The starch content in the biomass (measured as TSS) was analyzed by harvesting 1–2 mL algae suspension by centrifugation at 14,000 rpm for 10 min (Eppendorf 5417 R). Equal portions of cell disruption beads 0.5 mm (Scientific Industries S1-BG 05) and 0.1 mm (Scientific Industries S1-BG 01) were added until a total volume of 0.5 mL was achieved. Methanol was added and the cells were broken by a Mixer Mill Type MM 301 (Retch, Germany) for 10 min at 30 Hz. The chlorophyll extract was separated by centrifugation at 14,000 rpm for 10 min. The remaining pellet was used for starch analyses. The total starch content was determined by an enzymatic procedure using α-amylase and amyloglucosidase following the protocol in the starch assay Megazyme AOAC Method 996.11 AACC (Megazyme International, Ireland). The method was modified to allow for smaller samples.
To measure TP and TN in the biomass a volume of 10 mL algae suspension was harvested by centrifugation at 4000 rpm for 10 min (Eppendorf Centrifuge 5810). The supernatant was removed and the cell pellet was washed three times by re-suspension in Milli-Q water (Milli-Q Synthesis A10, Millipore Corporation, USA) and centrifugation at 4000 rpm for 5 min. After a final re-suspension to 10 mL, TN was measured as described by Norwegian Standard (NS 4743). TP was measured by using the same methods as for the SL. The percentage TN and TP in the TSS samples were calculated by TN or TP (g L−1)/TSS (g L−1) × 100. The proportion of removed ammonium and phosphate that was incorporated into the biomass was calculated as: [removed NH4-N or PO4-P]/[TN or TP in the biomass] × 100.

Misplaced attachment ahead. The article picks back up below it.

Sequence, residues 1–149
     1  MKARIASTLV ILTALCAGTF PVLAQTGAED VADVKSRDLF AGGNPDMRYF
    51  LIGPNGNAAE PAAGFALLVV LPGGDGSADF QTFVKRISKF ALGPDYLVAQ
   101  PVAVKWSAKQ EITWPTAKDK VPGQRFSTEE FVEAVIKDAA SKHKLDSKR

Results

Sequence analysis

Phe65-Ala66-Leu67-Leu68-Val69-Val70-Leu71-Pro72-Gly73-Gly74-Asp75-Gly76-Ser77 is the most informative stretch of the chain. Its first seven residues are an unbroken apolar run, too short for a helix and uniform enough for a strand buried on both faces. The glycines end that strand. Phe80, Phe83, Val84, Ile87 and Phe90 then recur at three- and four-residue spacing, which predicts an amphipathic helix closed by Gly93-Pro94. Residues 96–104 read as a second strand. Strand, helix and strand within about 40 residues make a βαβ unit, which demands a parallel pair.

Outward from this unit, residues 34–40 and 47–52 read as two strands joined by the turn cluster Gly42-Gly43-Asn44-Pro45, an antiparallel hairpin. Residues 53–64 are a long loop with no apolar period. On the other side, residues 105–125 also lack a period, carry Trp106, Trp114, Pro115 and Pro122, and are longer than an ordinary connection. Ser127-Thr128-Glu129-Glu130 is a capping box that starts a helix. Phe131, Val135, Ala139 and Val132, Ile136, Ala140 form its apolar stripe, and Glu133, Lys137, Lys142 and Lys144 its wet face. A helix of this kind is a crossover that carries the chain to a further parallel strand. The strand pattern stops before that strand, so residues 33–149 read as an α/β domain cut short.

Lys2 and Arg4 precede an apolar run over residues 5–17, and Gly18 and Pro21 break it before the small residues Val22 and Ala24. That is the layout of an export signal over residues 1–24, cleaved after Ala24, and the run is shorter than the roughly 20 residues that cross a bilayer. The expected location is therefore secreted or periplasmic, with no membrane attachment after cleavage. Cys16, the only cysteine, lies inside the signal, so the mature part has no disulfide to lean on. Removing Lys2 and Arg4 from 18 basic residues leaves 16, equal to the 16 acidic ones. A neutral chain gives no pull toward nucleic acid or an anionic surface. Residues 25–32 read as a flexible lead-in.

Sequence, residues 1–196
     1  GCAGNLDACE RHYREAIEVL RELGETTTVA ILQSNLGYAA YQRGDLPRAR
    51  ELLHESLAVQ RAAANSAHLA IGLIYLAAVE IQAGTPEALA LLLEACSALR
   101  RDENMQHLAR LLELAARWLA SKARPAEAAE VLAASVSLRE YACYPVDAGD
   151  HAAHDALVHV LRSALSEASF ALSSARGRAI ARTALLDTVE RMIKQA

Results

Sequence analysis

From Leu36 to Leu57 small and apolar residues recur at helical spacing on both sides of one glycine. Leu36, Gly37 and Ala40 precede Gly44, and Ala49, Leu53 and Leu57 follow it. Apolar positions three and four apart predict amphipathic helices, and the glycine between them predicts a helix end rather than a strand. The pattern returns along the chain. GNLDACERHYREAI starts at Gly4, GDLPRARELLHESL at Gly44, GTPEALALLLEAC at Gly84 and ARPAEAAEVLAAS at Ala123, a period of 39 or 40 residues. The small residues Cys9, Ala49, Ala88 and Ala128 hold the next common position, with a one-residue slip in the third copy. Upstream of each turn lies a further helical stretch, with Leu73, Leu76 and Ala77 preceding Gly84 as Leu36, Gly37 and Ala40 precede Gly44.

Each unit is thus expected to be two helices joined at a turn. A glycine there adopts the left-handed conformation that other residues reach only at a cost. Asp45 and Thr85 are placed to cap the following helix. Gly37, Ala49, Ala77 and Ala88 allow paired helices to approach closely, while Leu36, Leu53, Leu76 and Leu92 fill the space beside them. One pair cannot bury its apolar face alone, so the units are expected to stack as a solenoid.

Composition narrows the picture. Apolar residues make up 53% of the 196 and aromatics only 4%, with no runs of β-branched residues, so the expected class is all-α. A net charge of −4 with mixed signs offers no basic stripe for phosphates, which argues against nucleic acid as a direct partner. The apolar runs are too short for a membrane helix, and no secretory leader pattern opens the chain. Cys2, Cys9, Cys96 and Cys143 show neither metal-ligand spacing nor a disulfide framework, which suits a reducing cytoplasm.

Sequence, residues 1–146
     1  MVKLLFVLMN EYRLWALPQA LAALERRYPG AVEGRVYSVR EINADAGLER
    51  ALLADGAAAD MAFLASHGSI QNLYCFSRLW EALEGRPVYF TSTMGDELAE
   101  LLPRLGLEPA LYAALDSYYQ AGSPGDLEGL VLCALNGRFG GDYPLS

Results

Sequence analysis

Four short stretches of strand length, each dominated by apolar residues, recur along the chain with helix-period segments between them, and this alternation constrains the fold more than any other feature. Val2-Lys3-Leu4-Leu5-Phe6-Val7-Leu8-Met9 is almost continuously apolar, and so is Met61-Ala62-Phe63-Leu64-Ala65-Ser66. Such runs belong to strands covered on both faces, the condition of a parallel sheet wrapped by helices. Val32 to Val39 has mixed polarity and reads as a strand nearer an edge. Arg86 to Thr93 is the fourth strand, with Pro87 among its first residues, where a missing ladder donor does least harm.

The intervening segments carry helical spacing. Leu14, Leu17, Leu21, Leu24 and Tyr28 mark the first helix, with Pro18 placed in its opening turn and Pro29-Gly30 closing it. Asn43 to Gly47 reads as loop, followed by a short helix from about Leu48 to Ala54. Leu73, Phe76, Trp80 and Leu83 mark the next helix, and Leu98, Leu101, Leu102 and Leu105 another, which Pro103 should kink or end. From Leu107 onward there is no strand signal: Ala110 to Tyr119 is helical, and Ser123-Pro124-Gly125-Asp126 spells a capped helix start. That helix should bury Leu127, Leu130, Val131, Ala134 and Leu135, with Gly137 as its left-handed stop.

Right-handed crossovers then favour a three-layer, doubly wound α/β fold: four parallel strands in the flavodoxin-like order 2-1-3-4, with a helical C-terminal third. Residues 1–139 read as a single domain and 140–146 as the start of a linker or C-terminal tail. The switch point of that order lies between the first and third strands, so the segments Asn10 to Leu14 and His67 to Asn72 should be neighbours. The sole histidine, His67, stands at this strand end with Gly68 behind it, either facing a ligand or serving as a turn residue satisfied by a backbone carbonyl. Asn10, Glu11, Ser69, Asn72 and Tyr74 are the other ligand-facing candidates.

General regression models were made for the response variables: day productivity, biomass loss, and starch content. When the level of temperature control was a significant factor, a general linear model (GLM) was carried out with Tukey’s comparison. ANOVA and Tukey’s ad hoc test was used when comparing the treatments at one sampling point. Statistical tests were executed in Minitab 16 software and graphs were made in SigmaPlot 10.0.
Results and discussion
Temperature and light conditions
The average DLI varied from 9–22 mol day−1 m−2 during the five experiments (Table 2). The average temperature varied from 17.7–24.9 and 16.7–24.5 °C at NTC and PTC, respectively. At LN, the average temperatures were 18.8 and 20.6 °C at experiment 1 and 2, respectively. At clear sky, PFD’s of 800–1000 µmol s−1 m−2 were reached inside the greenhouse and the temperature exceeded >30 °C at NTC (Fig. 2). The peak in temperature either coincided with the peak in PFD or had a delay of 1–2 h. The maximum temperature reach was 38.1 °C at the fourth experiment. At PTC the temperature rarely exceeded 30 °C. During night, the temperature dropped to ~10 °C at NTC during the first two experiments and to 15–20 °C in the other three experiments. The night temperature was generally ~2 degrees higher at PTC compared to NTC. The maximum and minimum temperatures lasted for a period of 1–3 h resulting in less variation between the average day and night temperatures. The heating system at FTC was not always sufficient for keeping the temperature at 25 °C during night, which resulted in lower night temperature (23.2–23.9 °C) in experiments 1, 3 and 4.